We escape Karachi a lot lot easier than how we arrived, and for the first time in earnest we are without an escort thankfully. The road north is fairly straight forward and the usual routine of tea and fuel stops keep our bums from numbing out completely. The day drags on uneventfully and we start to think all is going to plan until late in the afternoon when we come across another mad traffic jam on one side of a dual carriageway. Following cars and bikes to diverting locals we change over to the opposite carriageway to make some progress through the usual chaos of people and cars going both ways. 

As we continue to struggle north a large crowd of men has gathered further on up the chaos and as I weave towards the road blockage I can see many of these guys have an attitude that isn't welcoming. Almost all at once, the large crowd comes towards me and the rest of the guys are behind me now, instinct says this isn’t right so I look to David who reads my mind and starts to turn also. I’m trying to look cool about it  but inside I’m not so calm. Watching my mirrors and the crowd around I’m plotting my master escape plan in case it turns really nasty for us. Luckily I never have to use my half-baked plan as we turn off the main highway relieved and calmed to be away from the madding crowd. We know we have to detour around this and manage to succeed despite the darkening sky and the familiar moans of “fucks sake, driving in the dark again” Were happy to be away from this madness for now.

Crowd gathering  Extract from video
We still have no idea what the crowd was about but David insists this is a tense situation and one he’s seen before in India when the mass hysteria takes over, the crowd looks for someone to blame for what we guess might have been a child’s road death or similar. In many cases the bystander pays for it and the blood thirsty crowd goes home refreshed and unpunished.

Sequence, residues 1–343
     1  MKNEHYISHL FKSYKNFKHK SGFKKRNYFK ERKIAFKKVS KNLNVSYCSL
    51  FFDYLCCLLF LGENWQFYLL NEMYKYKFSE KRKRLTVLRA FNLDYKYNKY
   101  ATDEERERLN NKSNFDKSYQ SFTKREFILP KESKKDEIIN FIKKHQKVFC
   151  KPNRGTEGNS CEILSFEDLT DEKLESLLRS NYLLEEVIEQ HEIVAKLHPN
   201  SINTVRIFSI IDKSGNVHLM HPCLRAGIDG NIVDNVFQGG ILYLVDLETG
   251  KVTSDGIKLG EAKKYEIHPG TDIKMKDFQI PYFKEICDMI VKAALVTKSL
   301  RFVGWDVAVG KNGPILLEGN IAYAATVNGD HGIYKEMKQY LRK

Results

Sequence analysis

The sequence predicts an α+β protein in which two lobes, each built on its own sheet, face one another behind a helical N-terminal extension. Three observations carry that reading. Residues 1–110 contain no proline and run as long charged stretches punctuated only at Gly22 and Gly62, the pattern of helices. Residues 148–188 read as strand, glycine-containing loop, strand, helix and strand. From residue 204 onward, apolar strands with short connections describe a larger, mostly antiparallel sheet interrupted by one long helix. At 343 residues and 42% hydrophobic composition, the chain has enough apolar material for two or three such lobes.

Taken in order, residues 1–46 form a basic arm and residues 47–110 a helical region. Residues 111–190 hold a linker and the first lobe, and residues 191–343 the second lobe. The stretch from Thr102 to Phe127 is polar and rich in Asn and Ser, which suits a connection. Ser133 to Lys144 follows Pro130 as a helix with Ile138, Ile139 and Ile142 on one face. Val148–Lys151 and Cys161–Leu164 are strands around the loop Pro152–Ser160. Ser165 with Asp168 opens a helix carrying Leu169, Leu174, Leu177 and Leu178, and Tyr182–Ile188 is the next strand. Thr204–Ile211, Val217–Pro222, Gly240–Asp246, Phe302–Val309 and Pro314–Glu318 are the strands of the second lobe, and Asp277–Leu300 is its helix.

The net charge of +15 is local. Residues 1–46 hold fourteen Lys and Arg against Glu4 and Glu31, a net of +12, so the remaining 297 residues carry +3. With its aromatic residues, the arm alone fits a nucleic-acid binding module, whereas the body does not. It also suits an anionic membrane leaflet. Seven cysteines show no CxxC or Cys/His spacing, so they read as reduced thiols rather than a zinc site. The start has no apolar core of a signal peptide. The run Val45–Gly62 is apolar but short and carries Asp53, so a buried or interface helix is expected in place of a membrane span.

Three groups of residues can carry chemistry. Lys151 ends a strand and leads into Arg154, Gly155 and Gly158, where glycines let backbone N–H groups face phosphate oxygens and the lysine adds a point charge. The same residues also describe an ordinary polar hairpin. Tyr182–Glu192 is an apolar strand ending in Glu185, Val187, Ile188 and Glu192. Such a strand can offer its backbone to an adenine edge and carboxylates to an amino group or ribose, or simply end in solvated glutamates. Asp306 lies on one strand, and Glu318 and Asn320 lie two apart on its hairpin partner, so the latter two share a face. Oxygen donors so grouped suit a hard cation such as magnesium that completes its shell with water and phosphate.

Although I didn't notice at the time, David mentions these guys had some weapons.

Now relatively safely back n the road and within an hour of intended destination and hopefully a lovely hotel with nice clean sheets, cool refreshing beer, lovely food, a beautiful girl on reception to welcome our weary party to Okara. A clean bed would be nice at least.

No room at the Inn
We stop at the Pearl Inn hotel and David,volunteered by many of us to complete the room bargaining, sets  upon the reception whilst we wait for the results outside. As usual, we attract a large crowd of dirty looking pyjama wearing men, mostly young in 20’s or 30’s with dirty hands and need to poke and press all the bikes buttons. It’s difficult to stay relaxed in this situation but I’ve found its best to ignore as much as possible and answer the usual repeated questions with smile, “about $7000. Scotland.  Yes, Australia. From England. From Austria. Yes, to India” However this night is slightly different. We don’t know why but with the drama on the road just about an hour ago, the ever increasing crowd in the very dark dirty street of Okara outside this unfriendly looking hotel, we are all starting to feel anxious.

David squeezes his way through the crowd as I hand his salvaged bike key, over the top of some black heads which I removed earlier “so did we get some rooms”? I shout over the din of Pakistani noise, “No it’s full they say”!
This is a lie as the place is empty and there are several keys hanging up on the wall behind reception in the 1950’s way of doing things. I’m annoyed and poke my head in the door to say you’re all wankers but say nothing, stare at the hundreds of keys on the wall, look towards the line of moustache wearing puppets behind the counter and try to tell the one with the biggest moutache assuming hes the boss, I’m issed off. This has absolutely no effect on their dumb expressions as most people in this country look pissed off most of the time anyway.Walking to the bike, I’m secretly hoping the building burns own in the night and kills all these 1950’s pyjama wearing shitheads to death without granting them the usual 1000 virgins.

So we’re off to find another hotel, the second of only 3 places to stay in town. Once again the crowd disperses and reassembles at our new destination. Same results. No rooms for us. This is not good and the crowd still getting larger starts to bother all of us. There is one hope left so we get local tuk tuk driver to show us the way to the last hotel in Pakistan.

Another large crowd to welcome us
Once more, David takes the lead and heads inside to get our rooms sorted. Thankfully he succeeds this time at 1000 rupees per room. It’s a shithole and we know this but the ever increasing noise and size of the new crowd gathering makes us even more nervous than before.